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Rose Scents

July 7, 2015

When it comes to their scent, not all roses are created equal. Now researchers have identified the gene responsible for how fragrant a flower will be.

Transcript

BOB HIRSHON (host):

Extraction of rose scents Credit A. Cheziere  Université Jean Monnet

Extraction of rose scents. (A. Cheziere /Université Jean Monnet)

The nose of a rose. I’m Bob Hirshon and this is Science Update.

If the scent of a rose conjures up romantic feelings, you can thank a gene called RhNUDX1. French researchers discovered the gene, which tells the flowers’ petals to produce an enzyme called Nudix hydrolase. The researchers report in the journal Science that this enzyme is important for making the chemicals in rose scents. University of St. Etienne   biologist Silvie Baudino says they compared RhNUDX1 gene expression in a highly fragrant rose cultivar to a closely related, but scentless variety.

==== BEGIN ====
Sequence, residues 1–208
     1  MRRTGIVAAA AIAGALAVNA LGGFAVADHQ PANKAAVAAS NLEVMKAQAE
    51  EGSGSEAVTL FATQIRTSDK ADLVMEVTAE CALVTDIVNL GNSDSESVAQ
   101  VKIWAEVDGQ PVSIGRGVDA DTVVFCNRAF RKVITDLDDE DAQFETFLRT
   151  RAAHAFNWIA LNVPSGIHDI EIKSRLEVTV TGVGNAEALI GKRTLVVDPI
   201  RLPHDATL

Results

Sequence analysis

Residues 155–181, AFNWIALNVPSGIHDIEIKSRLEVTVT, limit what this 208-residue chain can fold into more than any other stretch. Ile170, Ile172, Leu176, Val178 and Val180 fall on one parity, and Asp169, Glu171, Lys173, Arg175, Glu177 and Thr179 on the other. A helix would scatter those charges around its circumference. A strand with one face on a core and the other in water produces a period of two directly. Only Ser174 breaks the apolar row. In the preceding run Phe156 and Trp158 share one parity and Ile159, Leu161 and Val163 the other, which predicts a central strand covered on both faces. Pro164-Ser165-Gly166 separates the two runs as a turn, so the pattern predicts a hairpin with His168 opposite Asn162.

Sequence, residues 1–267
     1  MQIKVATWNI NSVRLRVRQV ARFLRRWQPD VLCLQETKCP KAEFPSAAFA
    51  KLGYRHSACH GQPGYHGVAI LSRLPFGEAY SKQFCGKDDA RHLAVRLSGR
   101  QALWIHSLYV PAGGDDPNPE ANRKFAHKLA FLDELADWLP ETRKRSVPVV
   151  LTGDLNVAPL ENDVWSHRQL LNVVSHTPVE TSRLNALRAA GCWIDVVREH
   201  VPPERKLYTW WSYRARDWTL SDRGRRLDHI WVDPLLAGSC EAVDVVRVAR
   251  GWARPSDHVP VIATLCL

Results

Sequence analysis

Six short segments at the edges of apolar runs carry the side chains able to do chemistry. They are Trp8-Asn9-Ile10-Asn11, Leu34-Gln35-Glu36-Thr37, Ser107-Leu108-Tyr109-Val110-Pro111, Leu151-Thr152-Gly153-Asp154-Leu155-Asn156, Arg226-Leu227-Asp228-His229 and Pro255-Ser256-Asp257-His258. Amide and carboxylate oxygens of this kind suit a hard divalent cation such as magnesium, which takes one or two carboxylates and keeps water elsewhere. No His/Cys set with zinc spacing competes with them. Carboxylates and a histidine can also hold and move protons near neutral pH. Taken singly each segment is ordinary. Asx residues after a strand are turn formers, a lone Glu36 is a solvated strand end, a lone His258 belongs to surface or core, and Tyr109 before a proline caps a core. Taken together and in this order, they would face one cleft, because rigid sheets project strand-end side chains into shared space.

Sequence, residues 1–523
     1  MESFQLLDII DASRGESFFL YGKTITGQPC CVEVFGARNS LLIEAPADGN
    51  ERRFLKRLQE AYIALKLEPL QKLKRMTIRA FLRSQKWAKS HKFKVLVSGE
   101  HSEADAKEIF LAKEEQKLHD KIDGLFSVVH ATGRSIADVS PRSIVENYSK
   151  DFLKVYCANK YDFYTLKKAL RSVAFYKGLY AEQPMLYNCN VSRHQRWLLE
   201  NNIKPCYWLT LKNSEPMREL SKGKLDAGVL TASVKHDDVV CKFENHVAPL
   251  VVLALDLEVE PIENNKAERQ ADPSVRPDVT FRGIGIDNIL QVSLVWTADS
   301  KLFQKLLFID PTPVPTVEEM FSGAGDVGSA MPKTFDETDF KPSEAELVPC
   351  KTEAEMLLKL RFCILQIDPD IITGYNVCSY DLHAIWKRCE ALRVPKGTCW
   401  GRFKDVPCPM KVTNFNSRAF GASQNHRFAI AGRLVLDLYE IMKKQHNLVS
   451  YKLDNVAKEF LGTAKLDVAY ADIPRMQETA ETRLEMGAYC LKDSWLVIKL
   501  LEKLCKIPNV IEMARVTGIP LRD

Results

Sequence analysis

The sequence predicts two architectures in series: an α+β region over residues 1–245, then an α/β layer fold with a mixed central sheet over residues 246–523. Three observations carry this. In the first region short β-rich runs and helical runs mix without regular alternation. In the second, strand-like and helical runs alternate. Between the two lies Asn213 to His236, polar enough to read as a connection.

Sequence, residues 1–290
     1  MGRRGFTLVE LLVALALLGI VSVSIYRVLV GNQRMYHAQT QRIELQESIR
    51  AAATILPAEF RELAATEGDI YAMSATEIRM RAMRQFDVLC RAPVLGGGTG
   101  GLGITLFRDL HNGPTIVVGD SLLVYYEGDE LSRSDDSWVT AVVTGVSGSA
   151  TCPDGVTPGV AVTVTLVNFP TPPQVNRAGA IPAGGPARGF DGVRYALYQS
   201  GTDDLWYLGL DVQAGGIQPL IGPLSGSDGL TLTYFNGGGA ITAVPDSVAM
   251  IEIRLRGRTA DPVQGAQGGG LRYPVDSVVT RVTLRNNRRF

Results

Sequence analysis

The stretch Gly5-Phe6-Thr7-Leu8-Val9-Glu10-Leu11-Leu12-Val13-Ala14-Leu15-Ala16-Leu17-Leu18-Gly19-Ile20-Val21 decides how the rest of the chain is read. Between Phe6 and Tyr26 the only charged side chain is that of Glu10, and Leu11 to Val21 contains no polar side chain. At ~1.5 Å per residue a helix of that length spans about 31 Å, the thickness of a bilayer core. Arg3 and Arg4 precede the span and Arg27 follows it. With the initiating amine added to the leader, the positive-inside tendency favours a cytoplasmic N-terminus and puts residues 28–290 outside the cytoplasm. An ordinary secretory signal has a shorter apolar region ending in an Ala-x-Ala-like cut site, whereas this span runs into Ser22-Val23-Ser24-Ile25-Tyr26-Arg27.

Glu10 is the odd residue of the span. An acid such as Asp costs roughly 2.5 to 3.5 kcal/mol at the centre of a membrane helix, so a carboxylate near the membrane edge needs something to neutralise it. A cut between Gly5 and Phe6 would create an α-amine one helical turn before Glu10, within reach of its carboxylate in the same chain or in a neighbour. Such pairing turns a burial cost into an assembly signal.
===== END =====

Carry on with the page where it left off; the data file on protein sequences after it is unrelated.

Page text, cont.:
SILVIE BAUDINO (University of Saint Etienne):

And this gene was 7,000 times more expressed in the fragrant cultivar.

HIRSHON:

To confirm the gene’s importance, they blocked its expression, resulting in scent-impaired roses. Baudino says roses bred for flower shops are rarely scented, and she hopes the research will help rose breeders produce more fragrant flowers. I’m Bob Hirshon, for AAAS, the science society.